While the Prodigy X1 was approved by the PDGA in 2014 as a beefy, super-overstable distance driver, it eventually sold out and vanished. It became a hard-to-find collectible and the “X” discs were not mentioned again for a while until 2017 when the rest of the “X Series” disc were launched by Prodigy. These discs are described by Prodigy as “low profile, high speed distance drivers…with less rim depth than the D Series.”
While the X1 still has not come back into production at the time of this article, everything else but the X6 has been released and is available as of August 2017. After throwing the X2, X3, X4, and X5, I felt like there were a couple of gems in this series, along with a couple of discs that were a little bit lack-luster.
I liked the X2 as an overstable driver that can be thrown with as much power as you want. It isn’t the overstable monster that the X1 is (was?), but it has plenty of fade, making it very suitable for strong throwers, or as a utility disc for sharp turns. I’m not the most powerful thrower, so the X2 faded earlier than I would like on most distance drives, but in cases where I need that sharp, curved flight path, it gets the job done and is about as overstable as I can handle. The rim size and grip felt just right.
The X3 was my least favorite of the X-Series that I’ve thrown so far. It isn’t that the disc was not good, but it simply didn’t stand out as being very different from a lot of distance drivers on the market, and it didn’t fly as far as its more understable counterparts. The X3 is supposed to be the “middle-of-the-road” disc in terms of stability, and it fills that role nicely, but again, so do a lot of other discs on that market. It could be used by amateur to experienced players for consistency, though it is likely too much disc for most novice players.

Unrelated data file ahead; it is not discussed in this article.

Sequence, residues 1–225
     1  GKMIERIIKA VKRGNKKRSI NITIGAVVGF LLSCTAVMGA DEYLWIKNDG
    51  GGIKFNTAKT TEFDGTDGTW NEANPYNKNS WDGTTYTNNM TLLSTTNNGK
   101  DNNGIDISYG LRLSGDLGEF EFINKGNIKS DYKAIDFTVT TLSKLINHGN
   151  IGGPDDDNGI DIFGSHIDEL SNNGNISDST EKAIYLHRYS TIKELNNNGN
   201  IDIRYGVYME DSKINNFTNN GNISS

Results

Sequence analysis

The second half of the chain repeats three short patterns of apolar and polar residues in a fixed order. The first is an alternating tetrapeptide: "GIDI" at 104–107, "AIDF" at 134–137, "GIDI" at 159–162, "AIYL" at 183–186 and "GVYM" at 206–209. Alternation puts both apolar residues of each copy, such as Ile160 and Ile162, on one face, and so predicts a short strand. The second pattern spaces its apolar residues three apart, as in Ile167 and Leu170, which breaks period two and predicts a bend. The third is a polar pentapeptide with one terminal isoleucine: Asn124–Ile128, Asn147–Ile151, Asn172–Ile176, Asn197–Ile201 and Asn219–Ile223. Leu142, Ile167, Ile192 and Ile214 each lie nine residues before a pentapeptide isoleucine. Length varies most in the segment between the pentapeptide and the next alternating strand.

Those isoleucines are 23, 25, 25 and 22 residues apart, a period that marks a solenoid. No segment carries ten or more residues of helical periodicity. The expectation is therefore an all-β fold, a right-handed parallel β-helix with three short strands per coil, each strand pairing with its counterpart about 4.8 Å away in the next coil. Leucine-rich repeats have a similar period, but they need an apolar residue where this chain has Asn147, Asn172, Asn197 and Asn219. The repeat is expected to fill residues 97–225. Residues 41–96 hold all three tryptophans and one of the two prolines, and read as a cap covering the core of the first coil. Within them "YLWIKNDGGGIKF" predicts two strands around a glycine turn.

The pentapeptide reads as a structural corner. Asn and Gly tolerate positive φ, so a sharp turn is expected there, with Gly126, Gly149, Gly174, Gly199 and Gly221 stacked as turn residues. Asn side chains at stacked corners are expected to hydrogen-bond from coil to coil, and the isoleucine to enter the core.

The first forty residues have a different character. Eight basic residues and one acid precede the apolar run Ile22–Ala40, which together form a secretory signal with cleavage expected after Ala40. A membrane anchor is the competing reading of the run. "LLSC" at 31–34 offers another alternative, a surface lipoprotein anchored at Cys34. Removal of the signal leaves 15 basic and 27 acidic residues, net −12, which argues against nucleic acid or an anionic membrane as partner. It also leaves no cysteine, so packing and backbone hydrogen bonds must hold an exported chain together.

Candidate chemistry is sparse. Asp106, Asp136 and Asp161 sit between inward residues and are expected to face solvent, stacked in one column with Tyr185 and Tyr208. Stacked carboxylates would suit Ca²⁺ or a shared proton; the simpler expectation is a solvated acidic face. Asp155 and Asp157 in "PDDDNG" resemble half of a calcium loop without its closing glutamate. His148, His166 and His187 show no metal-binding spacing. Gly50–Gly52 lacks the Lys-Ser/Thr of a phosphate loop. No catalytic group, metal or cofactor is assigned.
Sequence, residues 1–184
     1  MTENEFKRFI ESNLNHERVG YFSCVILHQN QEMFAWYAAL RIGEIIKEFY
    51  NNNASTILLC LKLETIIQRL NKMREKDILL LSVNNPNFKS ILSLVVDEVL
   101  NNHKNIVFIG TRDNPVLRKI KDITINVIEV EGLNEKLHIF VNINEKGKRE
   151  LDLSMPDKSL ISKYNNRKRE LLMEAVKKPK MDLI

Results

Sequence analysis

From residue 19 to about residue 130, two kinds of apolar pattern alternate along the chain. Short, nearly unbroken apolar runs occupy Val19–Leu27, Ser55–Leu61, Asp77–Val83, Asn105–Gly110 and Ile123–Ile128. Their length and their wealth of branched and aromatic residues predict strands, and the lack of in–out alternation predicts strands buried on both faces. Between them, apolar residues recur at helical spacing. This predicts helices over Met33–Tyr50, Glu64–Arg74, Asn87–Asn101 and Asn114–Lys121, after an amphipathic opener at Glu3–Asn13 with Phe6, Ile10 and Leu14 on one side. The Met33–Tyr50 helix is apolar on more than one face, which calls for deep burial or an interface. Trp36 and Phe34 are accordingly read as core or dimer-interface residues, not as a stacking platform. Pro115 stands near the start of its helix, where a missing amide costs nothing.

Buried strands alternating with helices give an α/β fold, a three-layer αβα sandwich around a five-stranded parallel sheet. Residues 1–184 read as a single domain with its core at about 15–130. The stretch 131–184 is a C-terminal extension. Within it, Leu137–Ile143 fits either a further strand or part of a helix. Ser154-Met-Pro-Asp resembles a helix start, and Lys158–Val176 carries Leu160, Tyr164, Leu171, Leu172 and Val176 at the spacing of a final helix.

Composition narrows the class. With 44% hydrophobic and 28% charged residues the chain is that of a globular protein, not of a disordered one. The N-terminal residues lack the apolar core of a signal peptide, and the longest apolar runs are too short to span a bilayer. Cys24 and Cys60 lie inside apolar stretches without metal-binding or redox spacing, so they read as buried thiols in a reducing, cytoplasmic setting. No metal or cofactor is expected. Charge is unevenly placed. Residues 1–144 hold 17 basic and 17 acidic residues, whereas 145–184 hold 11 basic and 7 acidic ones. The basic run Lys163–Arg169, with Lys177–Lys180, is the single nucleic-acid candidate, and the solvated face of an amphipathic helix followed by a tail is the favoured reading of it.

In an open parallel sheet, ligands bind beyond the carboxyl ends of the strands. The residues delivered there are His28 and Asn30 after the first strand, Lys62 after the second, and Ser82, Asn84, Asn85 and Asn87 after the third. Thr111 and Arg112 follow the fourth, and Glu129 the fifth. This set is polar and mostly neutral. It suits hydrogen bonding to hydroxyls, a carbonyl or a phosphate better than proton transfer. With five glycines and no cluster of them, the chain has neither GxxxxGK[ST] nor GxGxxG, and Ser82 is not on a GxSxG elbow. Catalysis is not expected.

The X4 is my favorite of the series. This disc felt like the stand-out in a couple of ways. Aside from feeling great in the hand to throw, it also had the most potential for maximum distance under moderate power. Somebody who does not have a huge throwing arm can pick up the X4 and see excellent results.
The flight path was more of an S-curve for me, pulling to the understable side upon release, but always fighting back for the fade to get even more distance. The disc finished straight ahead, or slightly to the overstable side upon landing. I found myself able to throw great “flex” shots without having to be an expert.
Dialing back the speed of release can still get good results with a relatively straight flight path and manageable fade, which would be nice for longer tunnel shots. All in all, the X4 was flexible and could be used in many ways– my favorite role was as a bomber, going for as much distance as possible. It is understable without turning into a roller, and is very consistent.
When it comes to the X5, I started to feel like the disc was getting understable enough to become a utility disc for special situations, but not a “go to” for long distances. When I threw it hard enough, and with an anhyzer release, I could get the X5 to turn into a nice roller. But without the anhyzer release, it mostly pulled to the understable side and skid into the fairway without making much of a come-back fade. The consistency wasn’t there for me like with the X4, so if I had to choose one or the other, I’d go for an X4. Even though the X5 is fairly understable, it is probably still too fast for novice players.
I have not thrown the X6 yet, but I imagine (based on my X5 experience) that it might be a bit too understable, just like the X1 is a bit too overstable for my personal tastes.
If I had to choose two of the X Series discs, I’d take the X2 as a beefy, overstable distance driver that will always fade hard, and then I’d take the X4 as a versatile disc that can go straight, or fly great S-curves for great distance results. Those would be my two choices.
Have you thrown any of the X Series discs? What did you think? Your comments and opinions are welcome!